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Saturday, November 12, 2016

Trump Win: Victory or Defeat for Diversity

Donald Trump is now the U.S. President-elect, but his victory has sparked protest actions in many cities across the country and struck a fear in the hearts of minorities and women.

Those who protest are stunned, appalled that a man who spewed incendiary remarks so easily during the campaign period – against immigrants, Muslims, people of color – as well as uttering offensive remarks about women - is now going to be the country's president; hence, the trending “#NotMyPresident” hashtag.

A wave of hate crimes has followed Trump's upset win and is engulfing the nation targeting African Americans women, and other vulnerable sectors.

Many people from minority groups are now afraid, and their fear of being persecuted for their race, nationality, skin color, religion, and sexual identity, is not unfounded nor speculative, as stories after stories are being told of this sad, dangerous aftermath of one of the most divisive election campaign in the history of the American nation.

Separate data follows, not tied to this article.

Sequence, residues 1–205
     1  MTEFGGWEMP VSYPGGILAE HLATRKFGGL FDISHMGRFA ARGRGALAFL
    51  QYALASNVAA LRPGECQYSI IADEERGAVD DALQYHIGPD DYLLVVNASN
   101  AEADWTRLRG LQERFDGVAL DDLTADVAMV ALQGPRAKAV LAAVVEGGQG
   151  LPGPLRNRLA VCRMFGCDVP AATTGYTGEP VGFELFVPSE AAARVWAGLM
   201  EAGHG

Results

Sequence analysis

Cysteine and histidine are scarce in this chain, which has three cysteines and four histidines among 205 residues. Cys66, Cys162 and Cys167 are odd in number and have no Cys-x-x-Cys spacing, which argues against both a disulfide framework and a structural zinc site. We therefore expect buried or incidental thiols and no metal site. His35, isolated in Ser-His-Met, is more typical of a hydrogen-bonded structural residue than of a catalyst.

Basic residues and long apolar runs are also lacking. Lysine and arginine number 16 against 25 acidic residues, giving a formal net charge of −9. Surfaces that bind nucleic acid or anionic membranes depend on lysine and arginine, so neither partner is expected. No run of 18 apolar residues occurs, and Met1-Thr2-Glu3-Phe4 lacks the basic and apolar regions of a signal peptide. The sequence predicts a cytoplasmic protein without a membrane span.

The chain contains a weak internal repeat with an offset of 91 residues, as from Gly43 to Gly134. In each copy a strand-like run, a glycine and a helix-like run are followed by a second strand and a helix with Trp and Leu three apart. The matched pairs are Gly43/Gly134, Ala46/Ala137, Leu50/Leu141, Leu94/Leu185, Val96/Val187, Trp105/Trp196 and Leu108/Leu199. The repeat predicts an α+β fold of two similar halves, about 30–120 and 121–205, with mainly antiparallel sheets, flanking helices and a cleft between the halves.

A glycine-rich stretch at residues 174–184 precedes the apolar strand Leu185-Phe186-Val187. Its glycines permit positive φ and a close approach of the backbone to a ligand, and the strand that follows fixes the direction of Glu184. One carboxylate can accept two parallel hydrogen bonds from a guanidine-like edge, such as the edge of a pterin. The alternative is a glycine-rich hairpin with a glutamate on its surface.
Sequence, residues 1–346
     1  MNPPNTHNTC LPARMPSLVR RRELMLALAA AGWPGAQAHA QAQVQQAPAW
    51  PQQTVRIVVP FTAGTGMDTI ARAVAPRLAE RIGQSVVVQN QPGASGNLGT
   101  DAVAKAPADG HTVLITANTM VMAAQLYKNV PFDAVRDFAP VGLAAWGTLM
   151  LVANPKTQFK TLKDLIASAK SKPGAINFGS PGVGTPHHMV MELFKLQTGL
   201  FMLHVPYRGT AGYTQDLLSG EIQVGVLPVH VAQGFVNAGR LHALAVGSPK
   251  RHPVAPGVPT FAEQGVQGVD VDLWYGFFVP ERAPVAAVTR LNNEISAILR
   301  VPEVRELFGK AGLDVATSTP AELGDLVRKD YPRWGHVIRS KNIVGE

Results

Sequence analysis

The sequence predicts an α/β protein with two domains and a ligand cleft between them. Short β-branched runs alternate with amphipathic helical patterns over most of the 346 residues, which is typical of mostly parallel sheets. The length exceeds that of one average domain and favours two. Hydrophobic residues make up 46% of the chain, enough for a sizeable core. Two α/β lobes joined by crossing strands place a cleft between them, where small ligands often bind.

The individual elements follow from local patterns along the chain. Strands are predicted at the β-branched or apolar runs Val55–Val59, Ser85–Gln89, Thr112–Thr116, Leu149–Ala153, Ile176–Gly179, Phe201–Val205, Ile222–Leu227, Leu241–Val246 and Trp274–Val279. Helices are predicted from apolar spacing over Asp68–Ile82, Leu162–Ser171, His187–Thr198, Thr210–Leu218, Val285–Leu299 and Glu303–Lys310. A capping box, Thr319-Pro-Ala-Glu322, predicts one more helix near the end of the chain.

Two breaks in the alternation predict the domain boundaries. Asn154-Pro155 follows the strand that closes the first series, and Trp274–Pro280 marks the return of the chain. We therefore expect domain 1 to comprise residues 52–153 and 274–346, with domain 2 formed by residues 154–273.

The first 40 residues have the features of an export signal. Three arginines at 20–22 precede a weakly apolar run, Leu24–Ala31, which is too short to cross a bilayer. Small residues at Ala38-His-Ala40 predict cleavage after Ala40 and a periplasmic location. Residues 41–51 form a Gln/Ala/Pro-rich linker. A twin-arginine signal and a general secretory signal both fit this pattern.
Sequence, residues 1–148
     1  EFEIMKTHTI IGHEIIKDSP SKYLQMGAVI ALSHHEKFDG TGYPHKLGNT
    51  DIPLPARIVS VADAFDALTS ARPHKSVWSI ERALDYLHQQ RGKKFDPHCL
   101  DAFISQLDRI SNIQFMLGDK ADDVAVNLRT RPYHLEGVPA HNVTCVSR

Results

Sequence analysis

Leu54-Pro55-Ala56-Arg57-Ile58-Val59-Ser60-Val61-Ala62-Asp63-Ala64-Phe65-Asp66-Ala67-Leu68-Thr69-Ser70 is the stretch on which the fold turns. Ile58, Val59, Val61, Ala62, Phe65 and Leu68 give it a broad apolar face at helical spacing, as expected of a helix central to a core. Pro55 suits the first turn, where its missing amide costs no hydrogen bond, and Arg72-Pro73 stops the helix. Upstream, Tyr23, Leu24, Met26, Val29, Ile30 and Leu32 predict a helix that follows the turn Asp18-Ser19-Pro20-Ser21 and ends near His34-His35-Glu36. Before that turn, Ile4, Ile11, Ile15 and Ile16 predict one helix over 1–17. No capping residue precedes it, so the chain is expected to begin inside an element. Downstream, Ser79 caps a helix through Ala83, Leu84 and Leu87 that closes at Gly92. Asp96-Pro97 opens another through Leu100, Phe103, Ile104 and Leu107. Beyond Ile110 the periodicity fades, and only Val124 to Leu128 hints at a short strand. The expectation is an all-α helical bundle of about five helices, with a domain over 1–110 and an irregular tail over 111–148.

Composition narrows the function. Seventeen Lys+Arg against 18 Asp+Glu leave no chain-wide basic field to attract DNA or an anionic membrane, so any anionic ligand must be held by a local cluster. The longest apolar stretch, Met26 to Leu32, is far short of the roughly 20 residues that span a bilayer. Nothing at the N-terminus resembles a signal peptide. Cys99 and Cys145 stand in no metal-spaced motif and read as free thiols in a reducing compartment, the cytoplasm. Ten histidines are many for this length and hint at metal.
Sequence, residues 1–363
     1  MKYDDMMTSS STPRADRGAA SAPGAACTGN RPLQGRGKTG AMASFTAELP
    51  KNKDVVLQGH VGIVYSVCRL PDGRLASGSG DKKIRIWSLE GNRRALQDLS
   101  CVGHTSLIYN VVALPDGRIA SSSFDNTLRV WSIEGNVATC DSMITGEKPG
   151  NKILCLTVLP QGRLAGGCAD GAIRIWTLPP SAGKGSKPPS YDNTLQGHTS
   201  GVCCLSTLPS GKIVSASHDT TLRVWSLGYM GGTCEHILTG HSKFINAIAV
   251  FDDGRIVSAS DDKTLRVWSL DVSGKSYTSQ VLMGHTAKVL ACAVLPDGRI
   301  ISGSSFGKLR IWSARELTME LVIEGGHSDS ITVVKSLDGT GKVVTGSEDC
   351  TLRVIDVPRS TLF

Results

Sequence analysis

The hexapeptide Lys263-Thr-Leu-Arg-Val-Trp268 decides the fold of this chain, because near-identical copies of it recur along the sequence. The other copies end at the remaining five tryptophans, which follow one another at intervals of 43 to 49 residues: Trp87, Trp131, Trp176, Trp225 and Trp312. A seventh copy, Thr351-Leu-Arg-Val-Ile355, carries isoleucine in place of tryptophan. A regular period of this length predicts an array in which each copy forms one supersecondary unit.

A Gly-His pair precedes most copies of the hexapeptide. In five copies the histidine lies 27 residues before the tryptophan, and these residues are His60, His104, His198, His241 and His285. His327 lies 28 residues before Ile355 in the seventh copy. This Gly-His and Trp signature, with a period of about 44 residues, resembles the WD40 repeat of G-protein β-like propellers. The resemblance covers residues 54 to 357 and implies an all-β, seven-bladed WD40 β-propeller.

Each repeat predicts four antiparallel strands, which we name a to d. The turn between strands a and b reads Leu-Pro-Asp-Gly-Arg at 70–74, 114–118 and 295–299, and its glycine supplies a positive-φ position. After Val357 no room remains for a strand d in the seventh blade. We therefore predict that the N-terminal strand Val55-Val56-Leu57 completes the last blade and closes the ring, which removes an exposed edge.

With that, it has to be stressed that this is what happens when people's mindset is not aligned with the values of diversity & inclusion. This is what happens when ignorance, bigotry, racism, misogyny, sexism, and intolerance continue to rear their ugly pangs even well into the 21st century America. This is what happens when the very person who will soon lead the world's most powerful nation on earth is himself embodying these attitudes, inciting hatred and sowing division among the diverse groups that make up today's America.

Stories abound recounting “racist episodes just a day after Trump won were tweeted. 

Of students shouting gay slurs, the n-word, and other hurtful phrases, such as Build the wall

Here are some images and more stories here and here– all depicting the same theme: Trump has polarized the nation and emboldened racists, sexists, and haters (from children to adults) to hurt others.

As one feminist writer said, racism and misogyny is embedded in Trump's victory.  

And the question that remains not only for America, but for the rest of the world, where is the country heading to? Is the Trump win a defeat or victory for diversity?